Both these types of options contracts are available on assets traded in the U.S., and you won’t get a choice of which option style you’ll get. Stocks and ETFs usually use American-style options. Meanwhile, the majority of options on commodity and index markets use European-style contracts.
Types of Options: Calls and Puts
There are two basic types of options contracts: calls and puts.
A call option gives you the right to buy the underlying asset at the agreed-upon strike price for a certain period of time.
It’s best to buy a call option if you expect a price increase. Why? This way, you can lock in a lower strike price and sell the asset or options contract for a profit.
Call Option Example
Suppose stock in Company X has a current price of $40 per share. You think it will trend up at least 20% within the next few months, so you buy a call option to purchase 100 shares at a strike price of $48 each.
If you’re right and the share price rises above $48 before your call expires, you can execute the option and make money from the difference.
But if the reverse happens and the price falls under $48, you can ignore the options contract. All you’ll lose is the option premium.
A put option is the opposite of a call option. It gives you the right to sell a stock at the agreed-upon strike price for a certain time period.
Put options are a little more complicated than call options. This is because you have to own the underlying security to execute the contract.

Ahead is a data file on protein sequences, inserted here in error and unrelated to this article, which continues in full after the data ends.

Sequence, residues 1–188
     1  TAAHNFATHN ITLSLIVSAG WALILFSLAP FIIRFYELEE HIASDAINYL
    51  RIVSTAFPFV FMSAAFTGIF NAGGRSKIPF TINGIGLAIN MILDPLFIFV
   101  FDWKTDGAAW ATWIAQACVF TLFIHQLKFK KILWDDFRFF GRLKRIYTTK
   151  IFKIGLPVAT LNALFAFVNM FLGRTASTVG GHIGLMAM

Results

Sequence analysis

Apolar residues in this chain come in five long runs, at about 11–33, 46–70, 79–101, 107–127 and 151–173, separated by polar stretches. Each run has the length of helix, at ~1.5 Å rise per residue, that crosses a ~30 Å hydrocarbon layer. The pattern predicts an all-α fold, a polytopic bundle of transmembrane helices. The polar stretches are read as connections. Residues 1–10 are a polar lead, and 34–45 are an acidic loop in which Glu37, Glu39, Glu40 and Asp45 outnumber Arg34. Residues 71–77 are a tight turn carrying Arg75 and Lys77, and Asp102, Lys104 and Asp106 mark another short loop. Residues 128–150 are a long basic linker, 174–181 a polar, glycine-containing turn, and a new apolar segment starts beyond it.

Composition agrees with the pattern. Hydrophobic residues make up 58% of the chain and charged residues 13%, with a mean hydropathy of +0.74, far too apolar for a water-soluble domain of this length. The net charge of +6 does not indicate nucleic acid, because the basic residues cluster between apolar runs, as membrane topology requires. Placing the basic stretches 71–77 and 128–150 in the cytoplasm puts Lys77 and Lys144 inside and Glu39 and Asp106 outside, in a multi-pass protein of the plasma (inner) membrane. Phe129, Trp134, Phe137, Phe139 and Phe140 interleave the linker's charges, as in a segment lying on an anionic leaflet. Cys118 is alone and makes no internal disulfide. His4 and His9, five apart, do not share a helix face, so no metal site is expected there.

What happens if you don’t have the underlying asset? You can just sell the put contract because the time value has some monetary worth.
Put Option Example
Suppose you predict Company X’s stock price will trend down in a few months. In anticipation, you buy a call option to sell 100 shares of Company X stock at $36 per share two months from now.
This gives you a price floor and lets you sell shares at $36 each if the price falls past that strike price. Afterward, you can buy them back at the lower current price.
So, what happens if the price goes up instead? You can just ignore the contract and only lose the premium. This is an options strategy called ‘hedging.’
Use Cases of Call and Put Options
When should you trade calls, and when should you trade puts? Here’s a simple breakdown:
- You buy calls when you expect a stock to rise in price. When the stock price rises above the strike price, you can execute the call at the strike price and profit from the difference.
- You buy puts when you expect a stock to fall in price. Puts are the inverse of calls. You buy them when you see a downtrend in the stock, and want to lock in a higher price.
- You can also sell calls and puts before expiration. There are various reasons that traders sell options — to recoup a premium, because they don’t agree on the underlying asset’s prospects with the option buyer, or to pull off complicated options strategies like the iron condor.
It only gets more complex from there! When you’re building your options strategy, investing in your knowledge account should be the first step.